Zanzibar and the question of our duty as travellers…

I didn’t go to Zanzibar because I wanted to go to Zanzibar. I went to Zanzibar because the plane tickets were cheap. That’s the truth of it. I’ve never felt any need to go there. In my head it was just another island with tropical fruit and possibly a good snorkeling scene. Lovely, yes. But essential? Not really.

My Travel Bucketlist (in no particular order) is as follows:

  • Italy
  • Germany
  • Prague
  • Iceland
  • Israel
  • Egypt
  • Turkey
  • Cambodia
  • Vietnam
  • Japan
  • Morocco
  • The Philippines
  • Scotland
  • Ireland
  • Alaska
  • A Roadtrip from SA to Kenya

img_3951

Those are my must sees. So why did I go to Zanzibar?

Well, like I said, the tickets were cheap. After India last year I found myself in a slump. I had my trip at the beginning of the year, which weirdly somehow meant that there was nothing left to be excited about for the rest of the year. That was an awkward place to be in for me. 2016 couldn’t be over by March already, could it? No. Of course not. So as soon as I found my cheap tickets I purchased them. Because I needed  something else. And so I took it. I’m a traveler now.

Zanzibar was nothing like I expected. When you get in a plane and go somewhere, you usually land somewhere foreign. You land somewhere so far removed from your own reality that you can almost pretend that this place that you’re in doesn’t really exist upside of the context of your adventure. I suppose that is a sort of privilege. But the thing is, you go to a place like Thailand, or somewhere completely removed from your own existence, and you can kind of see the politics and they sting a bit, as politics are wont to do, but you can talk yourself down. This is not my place you can tell yourself. Because it is true. It is not your place.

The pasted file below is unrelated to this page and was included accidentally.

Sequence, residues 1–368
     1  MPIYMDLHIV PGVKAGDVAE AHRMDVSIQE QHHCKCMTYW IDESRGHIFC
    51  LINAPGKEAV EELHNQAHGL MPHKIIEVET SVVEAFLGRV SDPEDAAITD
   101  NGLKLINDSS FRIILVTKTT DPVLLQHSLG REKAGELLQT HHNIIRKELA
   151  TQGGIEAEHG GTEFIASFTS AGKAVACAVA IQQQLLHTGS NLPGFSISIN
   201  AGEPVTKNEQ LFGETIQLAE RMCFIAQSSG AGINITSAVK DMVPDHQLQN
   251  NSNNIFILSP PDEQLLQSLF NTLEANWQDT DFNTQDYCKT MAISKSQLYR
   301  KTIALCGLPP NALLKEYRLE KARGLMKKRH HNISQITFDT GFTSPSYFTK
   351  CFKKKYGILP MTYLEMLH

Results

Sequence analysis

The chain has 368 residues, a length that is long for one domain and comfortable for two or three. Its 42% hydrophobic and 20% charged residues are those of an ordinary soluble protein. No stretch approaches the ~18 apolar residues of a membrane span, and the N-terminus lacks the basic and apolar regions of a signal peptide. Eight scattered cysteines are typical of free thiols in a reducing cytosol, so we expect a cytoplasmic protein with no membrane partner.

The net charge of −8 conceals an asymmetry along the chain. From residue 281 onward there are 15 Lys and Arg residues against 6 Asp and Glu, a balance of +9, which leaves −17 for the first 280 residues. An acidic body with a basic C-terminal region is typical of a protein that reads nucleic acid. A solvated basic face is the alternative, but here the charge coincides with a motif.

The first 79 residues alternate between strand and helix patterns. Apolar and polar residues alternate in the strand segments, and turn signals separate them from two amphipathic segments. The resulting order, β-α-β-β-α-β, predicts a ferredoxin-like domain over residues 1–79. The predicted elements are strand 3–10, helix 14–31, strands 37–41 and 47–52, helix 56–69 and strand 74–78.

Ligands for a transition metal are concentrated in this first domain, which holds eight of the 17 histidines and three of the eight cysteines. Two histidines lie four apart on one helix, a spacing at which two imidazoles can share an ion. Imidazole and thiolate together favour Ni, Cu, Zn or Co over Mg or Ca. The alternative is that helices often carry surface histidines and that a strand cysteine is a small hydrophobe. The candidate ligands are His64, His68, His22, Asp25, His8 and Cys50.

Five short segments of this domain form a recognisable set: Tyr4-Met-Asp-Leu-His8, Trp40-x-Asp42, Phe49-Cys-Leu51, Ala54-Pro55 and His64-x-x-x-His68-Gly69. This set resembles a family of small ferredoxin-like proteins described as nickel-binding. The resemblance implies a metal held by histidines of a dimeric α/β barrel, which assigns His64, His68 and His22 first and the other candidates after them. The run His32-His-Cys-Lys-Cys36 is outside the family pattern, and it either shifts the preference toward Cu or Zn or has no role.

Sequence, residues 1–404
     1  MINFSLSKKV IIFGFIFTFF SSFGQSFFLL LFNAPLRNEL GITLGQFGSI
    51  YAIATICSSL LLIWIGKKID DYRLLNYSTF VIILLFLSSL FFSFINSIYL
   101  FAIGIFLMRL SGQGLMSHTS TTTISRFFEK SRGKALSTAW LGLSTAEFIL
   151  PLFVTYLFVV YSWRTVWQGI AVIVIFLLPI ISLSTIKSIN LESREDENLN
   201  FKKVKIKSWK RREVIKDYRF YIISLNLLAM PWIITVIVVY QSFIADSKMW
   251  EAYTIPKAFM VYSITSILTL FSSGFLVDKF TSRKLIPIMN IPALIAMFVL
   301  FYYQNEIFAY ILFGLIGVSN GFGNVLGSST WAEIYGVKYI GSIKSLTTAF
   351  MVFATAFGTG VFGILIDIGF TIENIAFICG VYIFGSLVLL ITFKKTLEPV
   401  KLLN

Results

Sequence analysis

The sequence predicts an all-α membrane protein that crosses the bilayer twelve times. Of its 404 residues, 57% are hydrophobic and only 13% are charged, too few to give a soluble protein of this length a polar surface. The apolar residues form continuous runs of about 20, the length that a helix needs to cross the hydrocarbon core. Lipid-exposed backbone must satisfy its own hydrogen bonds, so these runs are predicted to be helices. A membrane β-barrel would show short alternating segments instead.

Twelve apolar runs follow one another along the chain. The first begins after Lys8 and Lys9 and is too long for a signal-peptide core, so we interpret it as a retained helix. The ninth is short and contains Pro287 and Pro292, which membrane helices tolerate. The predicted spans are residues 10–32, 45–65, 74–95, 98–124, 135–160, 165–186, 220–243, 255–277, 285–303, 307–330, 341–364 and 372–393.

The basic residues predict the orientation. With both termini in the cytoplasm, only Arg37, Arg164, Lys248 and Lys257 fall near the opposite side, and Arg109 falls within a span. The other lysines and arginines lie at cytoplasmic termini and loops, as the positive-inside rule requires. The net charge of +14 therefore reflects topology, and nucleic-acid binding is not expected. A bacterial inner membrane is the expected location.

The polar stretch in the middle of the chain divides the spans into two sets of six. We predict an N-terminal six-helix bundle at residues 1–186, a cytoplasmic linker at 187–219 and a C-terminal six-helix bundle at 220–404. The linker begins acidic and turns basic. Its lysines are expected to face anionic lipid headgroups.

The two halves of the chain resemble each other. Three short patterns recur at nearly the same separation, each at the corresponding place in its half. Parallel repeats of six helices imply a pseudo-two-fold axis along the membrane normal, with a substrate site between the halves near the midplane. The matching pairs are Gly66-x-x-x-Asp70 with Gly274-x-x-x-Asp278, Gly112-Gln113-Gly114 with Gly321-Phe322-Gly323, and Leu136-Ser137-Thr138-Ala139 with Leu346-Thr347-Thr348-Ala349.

Well, I found it difficult to do that in Zanzibar. I found it difficult to close my eyes to the the glaringly obvious trials of its citizens. Which is silly, perhaps, because it still is not my place, but I am also African, and even though we are very different from each other, Africa is still my home and I cannot help but feel that connection that our continent affords us. Being in Zanzibar felt too familiar. It didn’t feel new. It felt sort of like de ja vu.

While I undoubtedly had a wonderful time in Zanzibar, strolling on beautiful beaches, swimming with incredible sea life, learning about turtles, tasting raw spices, and exploring Stone Town, I could not help but notice the very big difference between the life of a regular citizen, and the bustling tourism industry which seems set to exploit not only the tourists themselves but the citizens of Zanzibar as well. It is certainly a shady political situation that should be dealt with…but where do you even start?

It makes me wonder … As a traveller, what are my obligations when it comes to the places that I explore? How do I give back in such a situation? Yes, I come to your country and I spend my money, which works as a sort of quid-pro-quo… But what if it doesn’t feel quite right? What if it feels like I am not contributing to a fair economy? What do I do then? Because this is really bothering me and I’ve never felt quite this way before.

When almost all of the people who live in a country could never dream of eating in the same restaurants as the tourists do, there is something very wrong. It bugs me. I imagine it bugs me so because in many ways it mirrors here.

So… What do I do?

As usual, I don’t know. All I know is that I look at this beautiful country filled with exceptionally nice people, and I cannot help but feel a little bit sad. Because this place has so much to give. There are so many wonderful resources – certainly enough for everyone to make a comfortable living. But the gap between those who live there and those who are only visiting is so enormous that it makes me feel kind of ill. How can it possibly be ok to go to a restaurant and pay more for one meal than what many of the locals earn in an entire month?

Something is terribly off.

Leave a Reply

Your email address will not be published. Required fields are marked *